[Read] ➵ Goddesses of Sun and Moon (Dunquin Series: No. 11) Author Karl Kerényi – Larringtonlifecoaching.co

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10 thoughts on “Goddesses of Sun and Moon (Dunquin Series: No. 11)

  1. says:

    This is not by Michael Lerner, but Karl Kerenyi, the esteemed friend and colleague of Carl Jung Don t even know who Michael Lerner is Fascinating essays on Circe, Medea, Aphrodite and Niobe I purchased the book for the essay on Circe, after whom my daughter is named The essay on Aphrodite, though, is most fascinating Kerenyi is a difficult read, but there are moments many of them when every word must be attended to with deep consideration, and when that happens the reading is luminous.


  2. says:

    The first Kerenyi book I ever read was Eleusis I loved it In that one, he does a great job of blending a historical analysis of the Eleusinian Mysteries with a Jungian analysis of their psychological meaning This one The reasoning is circular Aphrodite is a solar goddess because Kerenyi says she is Prometheus is a moon god for equally mysterious reasons The conclusions are unclear Kerenyi spends a lot of time arguing that various mythological figures are all connected to one another in a complex lunisolar mythos, but he never gets around to explaining what all of it means Most of the essay on Aphrodite is actually about Hera, for no particularly clear reason All in all, it seemed muddled.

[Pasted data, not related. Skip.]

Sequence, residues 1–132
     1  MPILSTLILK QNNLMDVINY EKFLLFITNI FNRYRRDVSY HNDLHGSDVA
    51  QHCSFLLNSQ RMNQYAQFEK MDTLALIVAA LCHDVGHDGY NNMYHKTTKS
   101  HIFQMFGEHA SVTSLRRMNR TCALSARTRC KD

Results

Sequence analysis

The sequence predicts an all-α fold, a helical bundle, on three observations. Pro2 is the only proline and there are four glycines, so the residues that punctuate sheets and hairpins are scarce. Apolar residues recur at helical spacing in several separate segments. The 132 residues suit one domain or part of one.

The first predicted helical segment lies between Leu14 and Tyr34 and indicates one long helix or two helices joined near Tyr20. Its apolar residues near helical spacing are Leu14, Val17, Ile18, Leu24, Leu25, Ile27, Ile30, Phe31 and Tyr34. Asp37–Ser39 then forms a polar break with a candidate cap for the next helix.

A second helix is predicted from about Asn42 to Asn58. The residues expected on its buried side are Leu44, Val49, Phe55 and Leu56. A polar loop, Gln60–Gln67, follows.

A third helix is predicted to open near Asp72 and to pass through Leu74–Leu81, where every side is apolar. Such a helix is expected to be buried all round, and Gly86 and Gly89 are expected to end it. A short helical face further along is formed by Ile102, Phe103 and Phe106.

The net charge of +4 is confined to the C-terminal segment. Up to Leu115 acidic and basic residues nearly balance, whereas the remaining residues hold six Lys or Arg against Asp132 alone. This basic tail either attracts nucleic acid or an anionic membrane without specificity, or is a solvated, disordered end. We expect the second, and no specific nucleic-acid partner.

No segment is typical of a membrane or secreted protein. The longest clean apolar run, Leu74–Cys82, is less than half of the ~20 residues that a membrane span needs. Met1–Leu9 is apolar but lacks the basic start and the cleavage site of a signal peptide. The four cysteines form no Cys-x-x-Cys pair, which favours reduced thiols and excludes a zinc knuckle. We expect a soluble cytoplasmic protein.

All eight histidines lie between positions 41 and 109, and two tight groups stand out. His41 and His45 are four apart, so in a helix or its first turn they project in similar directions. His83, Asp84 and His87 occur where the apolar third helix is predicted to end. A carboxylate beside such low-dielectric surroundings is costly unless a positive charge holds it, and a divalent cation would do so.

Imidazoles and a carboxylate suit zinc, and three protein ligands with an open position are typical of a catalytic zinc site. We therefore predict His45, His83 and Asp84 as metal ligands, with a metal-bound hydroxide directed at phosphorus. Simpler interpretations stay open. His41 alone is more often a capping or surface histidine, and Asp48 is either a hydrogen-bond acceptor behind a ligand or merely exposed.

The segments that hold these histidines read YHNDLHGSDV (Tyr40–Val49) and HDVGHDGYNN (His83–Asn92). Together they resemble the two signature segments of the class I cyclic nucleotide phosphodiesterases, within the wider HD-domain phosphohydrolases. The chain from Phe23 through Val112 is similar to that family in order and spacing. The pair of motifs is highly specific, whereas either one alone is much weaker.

3. says:

    In all these hyperfocused Kerenyi books he goes real deep on a specific god or gods for a breezy 80 pages or so, comparing big handfuls of varying regional myths and thoroughly exploring what the constants and differences in the stories tell us about the wider historical perspective of that god s character and functions, as opposed to books which cover a large part of the pantheon and typically present the summary or amalgamation of these beliefs most widely accepted as canon That said, it really helps to have a pretty decent familiarity with the generalized story of the particular god before going into one of these books I would not recommend them as a starting point.


  4. says:

    Kerenyi s books are always fascinating to read, even if some of them are a little strange This is one of the stranger ones He makes a few leaps I can t really follow, but I find this book valuable because he highlights some facets of the figures he discusses that I haven t commonly seen mentioned he is the only author I ve found to deeply discuss the Niobe story, for example, even if to me that seemed the least supported part of this book.If you re interested in Greek mythology, this is worth reading just because it s thought provoking.


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